“We don’t know the consequences of what can happen when a potentially giant company is in control of a lot of data,” Allen said via videoconference. “The law is still being settled. That makes it very important to think about these questions on the front end of any action that could allow something like Facebook to arise in the education data market.
“I would point to the scholarly publishing industry as a potential analogue. The largest publisher, Elsevier, has already rebranded itself as a data and analytics company. Their core business is data and analytics. The textbook publishers haven’t gotten to the same place because the market still uses a lot of print. So the data they’re able to collect is not as comprehensive yet.”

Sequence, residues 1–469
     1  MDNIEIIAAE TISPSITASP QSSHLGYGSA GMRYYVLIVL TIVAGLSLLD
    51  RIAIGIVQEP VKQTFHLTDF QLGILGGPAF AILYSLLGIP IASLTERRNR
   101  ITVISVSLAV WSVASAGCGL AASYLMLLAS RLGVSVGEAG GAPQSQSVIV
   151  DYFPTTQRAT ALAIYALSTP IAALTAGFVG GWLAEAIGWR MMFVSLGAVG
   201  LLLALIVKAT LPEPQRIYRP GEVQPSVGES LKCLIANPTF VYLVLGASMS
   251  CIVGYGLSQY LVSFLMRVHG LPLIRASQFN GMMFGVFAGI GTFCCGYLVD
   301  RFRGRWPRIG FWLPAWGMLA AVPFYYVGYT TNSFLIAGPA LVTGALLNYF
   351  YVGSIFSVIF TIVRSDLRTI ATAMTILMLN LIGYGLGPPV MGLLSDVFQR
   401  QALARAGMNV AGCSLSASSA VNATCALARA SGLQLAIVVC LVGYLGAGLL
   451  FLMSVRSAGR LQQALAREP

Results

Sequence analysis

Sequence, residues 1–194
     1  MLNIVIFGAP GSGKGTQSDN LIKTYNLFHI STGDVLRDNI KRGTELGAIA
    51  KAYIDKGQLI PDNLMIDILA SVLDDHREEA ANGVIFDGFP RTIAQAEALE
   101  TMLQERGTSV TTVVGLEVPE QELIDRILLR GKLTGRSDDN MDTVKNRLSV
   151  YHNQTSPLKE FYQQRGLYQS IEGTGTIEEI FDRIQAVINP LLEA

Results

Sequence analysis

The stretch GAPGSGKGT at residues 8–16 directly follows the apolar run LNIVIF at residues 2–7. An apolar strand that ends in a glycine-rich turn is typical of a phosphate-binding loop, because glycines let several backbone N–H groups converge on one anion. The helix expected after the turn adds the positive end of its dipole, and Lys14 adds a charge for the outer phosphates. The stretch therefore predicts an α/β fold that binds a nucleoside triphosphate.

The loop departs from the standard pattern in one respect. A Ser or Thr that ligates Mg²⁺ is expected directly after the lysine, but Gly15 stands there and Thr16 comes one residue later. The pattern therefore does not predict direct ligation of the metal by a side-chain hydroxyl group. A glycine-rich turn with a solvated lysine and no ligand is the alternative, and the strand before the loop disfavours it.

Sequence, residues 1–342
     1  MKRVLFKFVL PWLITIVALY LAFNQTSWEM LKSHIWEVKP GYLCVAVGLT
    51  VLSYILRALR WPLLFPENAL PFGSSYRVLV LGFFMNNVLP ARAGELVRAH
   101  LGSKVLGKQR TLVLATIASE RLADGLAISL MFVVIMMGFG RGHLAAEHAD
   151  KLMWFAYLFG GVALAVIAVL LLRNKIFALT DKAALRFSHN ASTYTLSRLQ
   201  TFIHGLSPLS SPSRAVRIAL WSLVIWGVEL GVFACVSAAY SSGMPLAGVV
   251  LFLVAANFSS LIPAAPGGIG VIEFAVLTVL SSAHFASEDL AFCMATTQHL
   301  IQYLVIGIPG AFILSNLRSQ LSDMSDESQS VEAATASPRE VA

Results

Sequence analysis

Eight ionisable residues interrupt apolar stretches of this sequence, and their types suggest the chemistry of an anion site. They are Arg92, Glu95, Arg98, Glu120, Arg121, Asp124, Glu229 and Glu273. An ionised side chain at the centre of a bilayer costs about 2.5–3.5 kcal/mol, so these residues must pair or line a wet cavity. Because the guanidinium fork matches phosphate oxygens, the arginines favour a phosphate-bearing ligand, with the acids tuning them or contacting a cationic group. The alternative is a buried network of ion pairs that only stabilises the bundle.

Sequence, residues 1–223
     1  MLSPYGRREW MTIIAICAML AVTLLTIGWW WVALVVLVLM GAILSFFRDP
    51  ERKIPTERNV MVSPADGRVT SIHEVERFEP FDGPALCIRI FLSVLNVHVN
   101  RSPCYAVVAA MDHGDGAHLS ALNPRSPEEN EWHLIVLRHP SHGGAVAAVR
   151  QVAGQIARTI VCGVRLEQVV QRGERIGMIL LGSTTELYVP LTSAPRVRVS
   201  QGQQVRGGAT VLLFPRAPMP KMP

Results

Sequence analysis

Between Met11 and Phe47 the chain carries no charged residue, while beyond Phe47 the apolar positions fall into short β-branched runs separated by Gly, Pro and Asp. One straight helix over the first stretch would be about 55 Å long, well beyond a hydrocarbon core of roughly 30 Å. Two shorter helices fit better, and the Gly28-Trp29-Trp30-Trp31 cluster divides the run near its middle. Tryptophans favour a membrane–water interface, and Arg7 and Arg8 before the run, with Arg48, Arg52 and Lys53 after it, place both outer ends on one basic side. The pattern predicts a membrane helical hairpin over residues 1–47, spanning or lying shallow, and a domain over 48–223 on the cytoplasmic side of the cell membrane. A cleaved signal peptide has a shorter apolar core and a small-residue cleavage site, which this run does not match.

Besides Antitrust, There Are Other Concerns Over Data Collection
Beyond these antitrust arguments against the McGraw-Hill Cengage merger for data collection practices, SPARC also raises other concerns with the practice, such as the risk of data breaches, along with issues of algorithmic bias.
For example, they point to a breach that Pearson, currently the largest educational publisher operating in the U.S., acknowledged in July. Some personal data of 13,000 individuals was accessed.
“Unauthorized use is not the only issue here,” Allen continues. “We need to start thinking a lot more about authorized uses, and which should be allowed. Authorized use can be detrimental and even violate the law. Really what this concerns is the use of algorithms to classify students. These are questions that arise any time we’re using algorithms.”